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Middle East conflict comes to campus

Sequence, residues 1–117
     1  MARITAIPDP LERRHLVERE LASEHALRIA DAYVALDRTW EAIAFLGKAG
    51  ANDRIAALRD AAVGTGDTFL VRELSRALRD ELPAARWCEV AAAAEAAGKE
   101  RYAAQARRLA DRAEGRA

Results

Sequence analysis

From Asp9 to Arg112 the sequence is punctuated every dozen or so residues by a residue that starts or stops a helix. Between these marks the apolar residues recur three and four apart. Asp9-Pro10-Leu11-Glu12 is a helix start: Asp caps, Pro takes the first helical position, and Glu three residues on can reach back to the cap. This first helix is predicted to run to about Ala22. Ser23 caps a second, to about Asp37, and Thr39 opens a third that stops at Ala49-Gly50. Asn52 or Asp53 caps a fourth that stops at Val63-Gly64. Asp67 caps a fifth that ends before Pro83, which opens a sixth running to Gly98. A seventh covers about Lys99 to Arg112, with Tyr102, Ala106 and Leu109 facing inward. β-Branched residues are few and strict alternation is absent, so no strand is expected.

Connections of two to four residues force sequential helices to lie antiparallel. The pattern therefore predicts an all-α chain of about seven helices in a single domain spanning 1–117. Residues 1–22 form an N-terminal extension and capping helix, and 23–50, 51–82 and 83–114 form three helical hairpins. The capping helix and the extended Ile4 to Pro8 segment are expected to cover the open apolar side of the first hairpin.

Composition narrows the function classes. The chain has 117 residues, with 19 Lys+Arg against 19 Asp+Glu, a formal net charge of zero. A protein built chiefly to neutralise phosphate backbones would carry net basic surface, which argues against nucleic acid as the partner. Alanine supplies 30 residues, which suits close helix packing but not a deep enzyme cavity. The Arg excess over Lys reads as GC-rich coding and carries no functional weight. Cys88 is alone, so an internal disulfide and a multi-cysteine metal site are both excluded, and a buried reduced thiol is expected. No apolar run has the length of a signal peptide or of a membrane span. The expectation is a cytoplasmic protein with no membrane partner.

TEANECK, N.J., July 9 (JTA) — Posted on “Any organizations that believe divestment from Israeli apartheid is a necessary and worthwhile strategy, that stand for an end to the Israeli occupation of Palestinian land, the right of return for Palestinian refugees to their homes and homeland, and full equality under law and the abolition of Israeli apartheid; and that reject racism and all forms of oppression are welcome to be part of the organizing process for the Third Conference!” That’s the Web site of New Jersey Solidarity, which plans to host the National Student Conference of the Palestine Solidarity Movement on Rutgers University’s New Brunswick campus in October. As a start, the group would like the university to divest from the all investments in Israel (a country that its Web site insists must be called Palestine). About 600 Jewish students from Bergen County are enrolled at Rutgers, according to Andrew Getraer, executive director of Hillel there. New Jersey Solidarity, “is located in New Brunswick, but it’s not strictly speaking a student organization,” said Getraer. “Last March, they founded a student organization, and I’m guessing they have about 15 members. It’s not a large student effort.” Its leader, Charlotte Kates, a Douglass College graduate, is now a student at Rutger’s law school in Newark. The group may not be large, but is active. “They’ve done a number of different Palestinian events over the past two years,” Getraer said. “They’re very good at publicity and fliering. They haven’t had any success in their larger agenda, having the university divest from Israel, but they’re very good at creating an atmosphere of intimidation on campus.” New Jersey Solidarity’s tactics were on display on a Thursday night during the spring semester, according to Getraer. On Thursdays, Hillel invites a guest teacher. “Usually it’s text-based, for students of traditional background,” he said. “We had a rabbi, Yehoshua Kahan, coming in from Bat Ayin, which is just outside Jerusalem in the disputed territories. He was coming not to speak of anything at all political, or even about Israel. It was a philosophical lecture,” billed as “Kafka and Kabbalah.” “One of the members of New Jersey Solidarity, who is Jewish, heard that the speaker was coming from Bat Ayin, looked him up, got his picture off a Web site, and put hundreds of fliers up all over campus, saying he is a terrorist. They had a whole four-paragraph screed about how he comes from a settlement and is involved in ethnic cleansing, oppressing and terrorizing Palestinians.” In upper-case letters, the flier demands that readers “SAY NO TO RACISM!” by rallying outside Hillel’s building during the teaching session. “Within a day, we organized 50 to 100 students,” said Getraer. “We had to work very quickly. We got non-Jewish students and clergy to come; there were students from the Catholic center, the Methodist minister, people from some of the more evangelical Protestant groups, and from the Hindu student group. We were able to use it as an opportunity, because it was clearly an attack on anything related to Israel or Judaism. The man himself and what he was here to speak about had nothing to do with anything political, and they were using it as a vehicle to attack Hillel, attack Israel, and disrupt Jewish learning. “Because we had this big crowd, the New Jersey Solidarity people drove by and didn’t do anything until later. They were planning on doing a series of checkpoints, but they couldn’t do it until the lecture started. There were only a handful of them — six or seven, so it was ineffective.” Anti-Israel groups have been using mock checkpoints on campuses across the country. Getraer said that they are dramatizations meant to show Palestinian suffering. Some participants dress up as Arabs, others as IDF officers. “They have little props, and they block entrances to places so people have to experience the humiliation Palestinians experience.” Usually Thursday night talks attract about 30 students; that week 50 packed the room. “They don’t have the numbers of the organization to have an effective event, but they do have a very good publicity machine,” Getraer said. “So for the 99.9 percent of students who aren’t present for the event, it appears that they’re very active, and the anti-Israel message is widespread. That’s difficult for us. They’re not dumb. They’re smart and they’re strategic.” They are also extreme. Charlotte Kates was quoted in Wednesday’s New York Post, in response to a question about whether Israel has a right to exist, as saying, “Israel is an apartheid colonial settler state. I do not believe apartheid colonial settler states have a right to exist.” When asked if she supports homicide bombers, she said, “I personally support Palestinian resistance in all its forms, from armed struggle to mass protest.” “The university is in all likelihood compelled under the first amendment to allow the conference to occur,” said Shai Goldstein, New Jersey regional director of the Anti-Defamation League. He’s not asking the school not to allow the meeting. But, he said, his group is asking “that the university condemn any anti-Semitic or anti-Zionist statements that are made by any group on campus as a manifestation of racism and bigotry. Rutgers must disassociate itself from the rhetoric and indicate they’re allowing the conference only because they feel compelled by the First Amendment. They must not stand silent in the face of the anti-Semitic rhetoric.” He also hopes that the university will provide adequate security, but, he said, “in the past Rutgers has done a stellar job ensuring that protests are peaceful.” So far, the university is reporting that it has received more than 230 letters asking it not to allow the conference, as a result of what appears to be a spontaneous letter-writing campaign. Getraer said that anti-Israel feeling is strong among those students in New Jersey Solidarity because “they know nothing other than the propaganda that comes out of the Arab world, and they believe it 100 percent. And they believe every lie about Israel that is told by Israel’s opponents, about Israel’s atrocities, about how Jews don’t have any connection to the land of Israel. We Jews are aware of this propaganda, but this is an example of what happens when propaganda is allowed to go unchecked. “They believe that they are operating from a sense of justice, but you know how warped it is when they say that homicide bombing is a legitimate means of protest. This is the mind set that we have to be aware of, in the United States and in the world. “Our mission at Hillel is to provide the truth about Israel, about what a free and open society it is. We especially want Jewish students to be able to feel confident about their support of Israel, connected to the State of Israel and to their fellow Jews.” What will Hillel do during the conference, and throughout the upcoming school year? “We have a lot of plans under way,” Getraer said. “Stay tuned for further developments. There will be ways for the community to respond.”